The Ultimate Fitness Workout Part One: Cardio

You don’t have to be a boxing fan to know that a boxing workout is one of the best ways to get in top shape. And you don’t have to be an aspiring fighter to take the boxing pathway to fitness.

Anyone who has seen any of the “Rocky” movies, or any other boxing movie for that matter, like “Creed” or “Million Dollar Baby,” has seen how a boxing workout doesn’t pull any punches.

Floyd Mayweather has been living proof of the results that can be achieved by someone in boxing shape. Floyd has always espoused “hardwork and dedication” as his mantras, and now he’s brought this experience to the people through his new fitness gym franchise, Mayweather Boxing + Fitness. Floyd’s vision is to make the foundation of boxing training available to everyone on a fitness level, and cardio work is a key part of the program.

What are the essential elements of a boxing workout that yield incredible results for both pros and fans? Let’s review and you can see that what a pro might spend hours on, a fan can accomplish in a modified format as part of a standard 45-60 minute workout routine.

First, there’s cardio. Boxers need to have incredible endurance and stamina. There’s a saying that there’s being in shape, and then there’s being in “boxing shape,” which is a whole different level of fitness.

For cardio, running, known as roadwork, is fundamental. Whatever shape you’re in, assuming you’re healthy enough to work out in the first place, you can get moving and work on your cardio. 

Running on a treadmill is ideal for beginners because you don’t take on a distance goal that can be daunting and hard to achieve. Until you’re in great shape, you really don’t know how far you can run. A treadmill allows you to keep track of your distance, and also modify with an incline. 

For cardio, a heart-rate monitor is essential equipment. For beginners, you will want your doctor’s clearance on what levels of exertion are appropriate for you. Pros use heart-rate monitors to work on advancing their conditioning for peak performance. 

Either way, if you have the data you will be able to assess how hard you are working based on yourself, not comparing yourself to other people. Also, you can make sure you are challenging yourself without overdoing it, and use walking intervals to exert yourself as appropriate for your fitness level too.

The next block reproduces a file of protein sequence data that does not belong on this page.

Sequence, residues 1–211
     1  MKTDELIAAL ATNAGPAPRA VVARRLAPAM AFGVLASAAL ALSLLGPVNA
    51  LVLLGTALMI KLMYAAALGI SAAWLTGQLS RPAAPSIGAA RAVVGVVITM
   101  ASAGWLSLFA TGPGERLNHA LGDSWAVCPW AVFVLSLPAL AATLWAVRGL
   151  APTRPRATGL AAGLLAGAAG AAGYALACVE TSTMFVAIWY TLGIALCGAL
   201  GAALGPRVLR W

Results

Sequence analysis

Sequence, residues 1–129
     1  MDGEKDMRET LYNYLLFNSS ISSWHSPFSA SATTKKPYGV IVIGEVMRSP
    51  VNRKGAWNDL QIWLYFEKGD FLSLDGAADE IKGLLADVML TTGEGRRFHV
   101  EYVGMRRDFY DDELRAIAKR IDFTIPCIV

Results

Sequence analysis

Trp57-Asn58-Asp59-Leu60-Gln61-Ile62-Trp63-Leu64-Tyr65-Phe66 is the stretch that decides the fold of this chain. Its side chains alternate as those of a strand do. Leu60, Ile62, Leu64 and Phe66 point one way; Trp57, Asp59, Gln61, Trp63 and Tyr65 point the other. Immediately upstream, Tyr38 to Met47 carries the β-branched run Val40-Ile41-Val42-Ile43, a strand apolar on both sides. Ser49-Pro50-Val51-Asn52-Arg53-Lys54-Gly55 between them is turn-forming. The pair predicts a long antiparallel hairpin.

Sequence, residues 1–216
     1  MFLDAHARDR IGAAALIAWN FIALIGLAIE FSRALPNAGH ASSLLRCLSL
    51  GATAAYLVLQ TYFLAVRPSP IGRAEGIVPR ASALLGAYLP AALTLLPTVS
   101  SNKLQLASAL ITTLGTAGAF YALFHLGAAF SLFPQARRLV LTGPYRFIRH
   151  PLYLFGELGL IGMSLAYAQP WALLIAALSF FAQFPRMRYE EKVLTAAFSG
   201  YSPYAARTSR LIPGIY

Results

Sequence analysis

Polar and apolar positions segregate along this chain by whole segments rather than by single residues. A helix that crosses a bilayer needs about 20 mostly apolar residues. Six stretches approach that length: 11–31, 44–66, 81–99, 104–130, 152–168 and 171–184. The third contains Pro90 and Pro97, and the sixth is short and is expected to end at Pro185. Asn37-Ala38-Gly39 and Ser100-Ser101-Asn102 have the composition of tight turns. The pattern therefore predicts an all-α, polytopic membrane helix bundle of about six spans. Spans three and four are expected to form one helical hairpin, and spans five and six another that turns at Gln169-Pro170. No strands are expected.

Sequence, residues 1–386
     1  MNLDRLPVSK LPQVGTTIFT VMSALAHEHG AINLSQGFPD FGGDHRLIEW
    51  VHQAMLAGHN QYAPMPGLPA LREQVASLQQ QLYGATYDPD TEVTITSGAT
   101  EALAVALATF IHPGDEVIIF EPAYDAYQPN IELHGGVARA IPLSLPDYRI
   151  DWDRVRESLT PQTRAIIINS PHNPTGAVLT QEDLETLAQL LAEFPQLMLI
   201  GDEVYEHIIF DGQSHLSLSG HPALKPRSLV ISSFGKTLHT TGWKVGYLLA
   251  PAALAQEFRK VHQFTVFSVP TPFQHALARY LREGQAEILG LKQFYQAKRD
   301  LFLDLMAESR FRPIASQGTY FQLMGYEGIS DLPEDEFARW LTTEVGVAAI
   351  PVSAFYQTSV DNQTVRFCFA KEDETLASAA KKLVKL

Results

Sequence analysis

Also for cardio, as well as coordination and agility, jumping rope is a key boxing exercise. Jumping rope burns a lot of calories and is tremendous for cardio. Remember that everyone can jump rope as a child, and do it for fun, but for some reason, as we get older, it can seem like a real challenge. 

Adding jump rope to your fitness routine will pay real dividends, and you can get started without the rope. Simple jumping jacks, or even modified jumping jacks (a stepping movement without the jump) can start getting you into shape. 

If you take up the jump rope, you can begin in shorter intervals, and build stamina over time. And by tripping on the rope, you will give yourself natural breaks and pauses to catch your wind. Over time, you will master the jumping motion and get your coordination back, while at the same time getting in better shape to last longer. 

Cardio and conditioning are the foundation of boxing shape, because you can’t last those 3 minute rounds, 10 or 12 of them, unless you’re in tremendous shape. Remember, the boxer who is just trying to survive is probably not the one who is also winning those rounds. Maintaining proper foot-work, balance, and form for power takes even more exertion, stamina, strength, and training. 

In our next post, we’ll talk about strength, power and movement — the training that goes into making a boxer explosive, elusive, and dangerous, and can make you get in top-top shape for your life outside the ring.